he concept of an open office space has permeated the workforce.
An open office space forgoes the old ideal of cubicle farms for a more airy and transparent working environment. Often, in open office spaces, employees aren’t even assigned desks. You just find a place to plug in and start working, and soon enough you’re collaborating with those around you. Small, unstructured meetings can take place anywhere, and conference and huddle spaces are scattered throughout the office to give these meetings an area to flesh out.
Many companies have designed open office spaces in moves and redesigns. Open office design has given offices a more casual and livable feel that facilitates the ideals of open-form collaboration that these companies are trying to foster. But, just like eating too many sweets can lead to a stomach ache, an open office plan can lead to too much noise and spontaneity. Sometimes employees need to sit down in peace and quiet and get work done on their own.
Peter Bacevice, Director of Research, Liz Burow, Associate Principal, and Mat Triebnet, Senior Design Strategust at the New York office of HLW International, recently created a system that can help companies embarking on a new office design determine the balance they want when it comes to their office. The following video helps to break down how their system works:
The trio then pose several questions to ask before designing the new office:
- Who are our employees, and who will they be in the next 5 years?
- Who else uses our space (visitors, clients, community members, etc.), and why?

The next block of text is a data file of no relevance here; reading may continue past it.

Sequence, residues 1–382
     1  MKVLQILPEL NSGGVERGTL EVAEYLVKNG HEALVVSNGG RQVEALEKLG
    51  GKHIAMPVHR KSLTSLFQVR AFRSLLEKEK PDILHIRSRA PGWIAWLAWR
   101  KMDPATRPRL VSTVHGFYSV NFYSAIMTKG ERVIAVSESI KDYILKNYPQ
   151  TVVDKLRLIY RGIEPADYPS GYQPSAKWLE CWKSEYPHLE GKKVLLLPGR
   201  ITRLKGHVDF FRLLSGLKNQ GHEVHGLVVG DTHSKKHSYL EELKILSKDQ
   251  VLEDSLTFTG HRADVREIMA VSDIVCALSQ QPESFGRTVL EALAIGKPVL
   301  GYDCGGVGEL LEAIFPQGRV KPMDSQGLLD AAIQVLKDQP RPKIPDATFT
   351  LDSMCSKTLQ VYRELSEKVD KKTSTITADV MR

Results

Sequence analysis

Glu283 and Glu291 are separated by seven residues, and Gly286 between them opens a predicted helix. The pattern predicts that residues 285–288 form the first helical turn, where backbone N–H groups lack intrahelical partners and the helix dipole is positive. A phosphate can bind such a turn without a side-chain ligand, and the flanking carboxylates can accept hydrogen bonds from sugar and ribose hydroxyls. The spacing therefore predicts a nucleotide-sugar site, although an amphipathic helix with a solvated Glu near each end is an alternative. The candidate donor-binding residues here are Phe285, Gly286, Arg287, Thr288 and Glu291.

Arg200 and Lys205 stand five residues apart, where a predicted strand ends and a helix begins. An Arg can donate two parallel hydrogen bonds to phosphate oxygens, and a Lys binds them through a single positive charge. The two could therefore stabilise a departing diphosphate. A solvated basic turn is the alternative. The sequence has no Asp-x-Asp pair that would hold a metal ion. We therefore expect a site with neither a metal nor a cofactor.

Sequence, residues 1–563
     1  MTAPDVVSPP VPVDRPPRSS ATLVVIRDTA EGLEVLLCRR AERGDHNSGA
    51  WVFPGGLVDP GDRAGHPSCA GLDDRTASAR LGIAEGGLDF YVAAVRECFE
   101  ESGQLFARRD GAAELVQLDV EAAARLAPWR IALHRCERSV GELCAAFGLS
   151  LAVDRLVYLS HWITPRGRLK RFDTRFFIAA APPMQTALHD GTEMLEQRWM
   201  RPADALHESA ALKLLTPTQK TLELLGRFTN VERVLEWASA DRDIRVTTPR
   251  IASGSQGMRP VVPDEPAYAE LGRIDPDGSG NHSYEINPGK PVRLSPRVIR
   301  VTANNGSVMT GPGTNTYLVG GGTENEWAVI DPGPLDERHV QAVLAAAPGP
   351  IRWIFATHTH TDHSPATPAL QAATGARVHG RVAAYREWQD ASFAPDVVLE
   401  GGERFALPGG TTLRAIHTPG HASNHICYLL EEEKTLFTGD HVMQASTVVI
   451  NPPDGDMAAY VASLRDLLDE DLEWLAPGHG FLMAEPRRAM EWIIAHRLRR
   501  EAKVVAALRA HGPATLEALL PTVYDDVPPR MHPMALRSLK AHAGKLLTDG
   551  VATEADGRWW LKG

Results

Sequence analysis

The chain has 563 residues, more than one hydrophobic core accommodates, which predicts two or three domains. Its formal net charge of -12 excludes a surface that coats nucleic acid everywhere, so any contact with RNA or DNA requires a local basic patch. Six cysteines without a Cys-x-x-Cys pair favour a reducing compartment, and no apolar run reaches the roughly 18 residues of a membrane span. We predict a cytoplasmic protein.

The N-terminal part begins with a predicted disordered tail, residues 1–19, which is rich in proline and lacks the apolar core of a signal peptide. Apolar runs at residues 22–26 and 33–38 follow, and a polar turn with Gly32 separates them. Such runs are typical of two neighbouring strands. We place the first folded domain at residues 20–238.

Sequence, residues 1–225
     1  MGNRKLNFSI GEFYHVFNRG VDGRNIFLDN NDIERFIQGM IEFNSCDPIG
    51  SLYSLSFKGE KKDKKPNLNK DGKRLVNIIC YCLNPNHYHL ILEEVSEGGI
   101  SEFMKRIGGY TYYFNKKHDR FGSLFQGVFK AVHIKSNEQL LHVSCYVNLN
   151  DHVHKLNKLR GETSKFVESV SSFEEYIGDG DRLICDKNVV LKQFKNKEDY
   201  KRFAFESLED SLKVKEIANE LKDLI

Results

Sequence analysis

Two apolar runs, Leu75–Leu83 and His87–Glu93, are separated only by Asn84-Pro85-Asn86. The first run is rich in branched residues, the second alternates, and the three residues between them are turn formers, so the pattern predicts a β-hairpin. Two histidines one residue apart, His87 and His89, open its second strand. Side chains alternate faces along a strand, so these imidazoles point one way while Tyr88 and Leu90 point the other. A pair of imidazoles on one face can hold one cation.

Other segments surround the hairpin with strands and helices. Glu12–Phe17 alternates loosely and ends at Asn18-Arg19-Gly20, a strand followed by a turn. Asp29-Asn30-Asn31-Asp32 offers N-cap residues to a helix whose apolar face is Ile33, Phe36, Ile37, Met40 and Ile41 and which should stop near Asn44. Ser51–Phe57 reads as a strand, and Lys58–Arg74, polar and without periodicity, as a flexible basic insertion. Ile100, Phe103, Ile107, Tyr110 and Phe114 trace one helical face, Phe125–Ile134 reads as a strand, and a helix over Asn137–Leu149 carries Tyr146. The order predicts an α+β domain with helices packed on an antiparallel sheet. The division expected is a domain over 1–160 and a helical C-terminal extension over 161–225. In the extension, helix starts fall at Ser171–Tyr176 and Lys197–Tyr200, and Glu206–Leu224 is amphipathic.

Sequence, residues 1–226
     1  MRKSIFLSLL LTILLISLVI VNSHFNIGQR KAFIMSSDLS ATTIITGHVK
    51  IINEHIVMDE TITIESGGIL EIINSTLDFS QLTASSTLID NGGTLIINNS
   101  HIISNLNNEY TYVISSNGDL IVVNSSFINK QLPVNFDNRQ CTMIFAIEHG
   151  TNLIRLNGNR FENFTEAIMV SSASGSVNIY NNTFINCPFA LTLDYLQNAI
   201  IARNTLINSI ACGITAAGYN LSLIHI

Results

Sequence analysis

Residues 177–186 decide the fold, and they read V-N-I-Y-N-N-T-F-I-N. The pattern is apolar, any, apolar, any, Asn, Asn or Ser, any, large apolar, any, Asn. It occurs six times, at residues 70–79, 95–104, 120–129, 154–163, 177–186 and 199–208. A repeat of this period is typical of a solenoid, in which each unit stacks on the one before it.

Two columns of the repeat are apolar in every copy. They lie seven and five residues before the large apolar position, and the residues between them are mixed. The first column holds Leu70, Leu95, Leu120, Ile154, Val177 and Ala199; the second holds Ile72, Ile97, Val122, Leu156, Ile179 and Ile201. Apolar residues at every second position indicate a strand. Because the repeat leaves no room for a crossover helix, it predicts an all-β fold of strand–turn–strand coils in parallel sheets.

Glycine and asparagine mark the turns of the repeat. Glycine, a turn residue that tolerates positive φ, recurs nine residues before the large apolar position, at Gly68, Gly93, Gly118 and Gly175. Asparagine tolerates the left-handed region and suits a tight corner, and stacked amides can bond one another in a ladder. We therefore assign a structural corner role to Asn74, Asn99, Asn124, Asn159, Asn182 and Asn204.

- How do we want clients, prospective hires, or other visitors to perceive us when they enter our space?
- To what extent do we value flexibility and choice over how work gets done?
- Are certain modes of working seen as a privilege only available to a select few?
- What current workplace behaviors would we like to change?
- What are the most satisfying attributes of the existing workplace that sustain productivity?
- If people aren’t regularly coming to the office, do we understand why not?
These questions, and the concept of their system, is demonstrated through two examples from Adobe and Yodle New York offices.
For Adobe, collaboration was a key. However, employees wished to remain bound by the teams and departments they worked within. For office design, it was important to create an open office space that didn’t feel like a start-up, and placed employees that interact in their work in the same areas.
For Yodle, collaboration hadn’t been a problem. However, little quiet space could be found in the office for quick projects. The new space needed to address both collaborative spaces and places for employees to concentrate.
You can read more about these examples, as well as the system for learning how you want to design your new office, at Harvard Business Review. You can also take HLW’s survey to help determine your answers to this system.